I was expecting precisely one of these to work. But neither does! The first one (which is the right answer) gives the error

type mismatch, term rfl has type ?m_2 = ?m_2 but is expected to have type P ∨ Q ∨ R = P ∨ Q ∨ R

#### Kevin Buzzard (Jul 09 2018 at 08:06):

Why does `rfl`

not prove that?

#### Kenny Lau (Jul 09 2018 at 08:07):

because `=`

is less important than `∨`

#### Kenny Lau (Jul 09 2018 at 08:08):

think about what a = b or c = d means

#### Kenny Lau (Jul 09 2018 at 08:09):

(pp.all would have shown you the problem)

#### Kenny Lau (Jul 09 2018 at 08:10):

example (P Q R : Prop) : (P ∨ Q ∨ R) = (P ∨ (Q ∨ R)) := rfl example (P Q R : Prop) : (P ∨ Q ∨ R) = ((P ∨ Q) ∨ R) := rfl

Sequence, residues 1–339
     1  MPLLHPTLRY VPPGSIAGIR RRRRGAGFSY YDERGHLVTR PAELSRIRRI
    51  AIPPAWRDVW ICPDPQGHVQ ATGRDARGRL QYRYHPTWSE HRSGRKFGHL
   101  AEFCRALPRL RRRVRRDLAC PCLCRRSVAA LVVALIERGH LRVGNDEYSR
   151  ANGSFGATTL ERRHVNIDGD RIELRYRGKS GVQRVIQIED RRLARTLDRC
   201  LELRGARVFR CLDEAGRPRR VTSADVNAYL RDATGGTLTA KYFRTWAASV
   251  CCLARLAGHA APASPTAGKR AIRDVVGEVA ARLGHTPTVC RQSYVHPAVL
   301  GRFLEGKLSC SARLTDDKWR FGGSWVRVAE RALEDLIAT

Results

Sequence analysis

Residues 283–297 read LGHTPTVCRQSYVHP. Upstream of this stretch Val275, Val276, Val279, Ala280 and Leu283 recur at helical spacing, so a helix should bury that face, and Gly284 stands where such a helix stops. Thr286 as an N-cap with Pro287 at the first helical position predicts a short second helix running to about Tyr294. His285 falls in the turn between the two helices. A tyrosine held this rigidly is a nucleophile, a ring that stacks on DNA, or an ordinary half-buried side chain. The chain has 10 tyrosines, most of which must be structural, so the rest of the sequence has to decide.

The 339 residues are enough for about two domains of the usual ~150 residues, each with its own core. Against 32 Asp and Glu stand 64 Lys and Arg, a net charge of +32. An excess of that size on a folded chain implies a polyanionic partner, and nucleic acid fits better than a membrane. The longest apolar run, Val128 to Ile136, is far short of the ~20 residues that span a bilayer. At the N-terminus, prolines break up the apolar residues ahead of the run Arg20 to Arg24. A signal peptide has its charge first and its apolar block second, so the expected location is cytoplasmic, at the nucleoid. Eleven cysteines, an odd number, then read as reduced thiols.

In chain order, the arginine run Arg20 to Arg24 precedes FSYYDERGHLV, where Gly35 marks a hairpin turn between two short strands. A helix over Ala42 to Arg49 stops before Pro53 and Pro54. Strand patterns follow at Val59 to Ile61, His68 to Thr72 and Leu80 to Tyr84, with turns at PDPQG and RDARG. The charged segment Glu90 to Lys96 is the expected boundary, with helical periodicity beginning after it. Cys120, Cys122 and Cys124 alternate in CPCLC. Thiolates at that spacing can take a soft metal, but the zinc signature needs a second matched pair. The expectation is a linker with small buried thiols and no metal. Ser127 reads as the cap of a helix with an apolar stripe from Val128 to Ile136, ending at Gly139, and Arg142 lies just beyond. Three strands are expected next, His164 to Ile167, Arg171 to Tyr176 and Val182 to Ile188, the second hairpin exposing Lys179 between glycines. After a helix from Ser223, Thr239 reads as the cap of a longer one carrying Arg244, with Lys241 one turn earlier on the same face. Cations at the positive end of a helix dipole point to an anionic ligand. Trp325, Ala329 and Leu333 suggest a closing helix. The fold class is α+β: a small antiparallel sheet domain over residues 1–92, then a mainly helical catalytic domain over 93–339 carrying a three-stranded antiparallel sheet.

#### Sebastien Gouezel (Jul 09 2018 at 08:14):

Another beginner question: I would like to understand why `apply`

is failing in the following example:

import analysis.real order.filter open filter lemma test (a b c : real) : tendsto (λx, a * x) (nhds c) (nhds (a * c)) := begin apply tendsto_mul, -- this line fails apply_instance, exact tendsto_const_nhds, exact tendsto_id end

I know how to work it out with `apply tendsto_mul _ _`

or `refine tendsto_mul _ _`

or a direct term proof, but with the above it fails with the error message

invalid apply tactic, failed to unify tendsto (λ (x : ℝ), a * x) (nhds c) (nhds (a * c)) with tendsto ?m_3 ?m_4 (nhds ?m_6) → tendsto ?m_7 ?m_4 (nhds ?m_8) → tendsto (λ (x : ?m_1), ?m_3 x * ?m_7 x) ?m_4 (nhds (?m_6 * ?m_8))

What I don't get is why this unification problem is hard. Any hint?

#### Patrick Massot (Jul 09 2018 at 08:16):

This is higher order unification

#### Patrick Massot (Jul 09 2018 at 08:16):

You want Lean to recognize a product of functions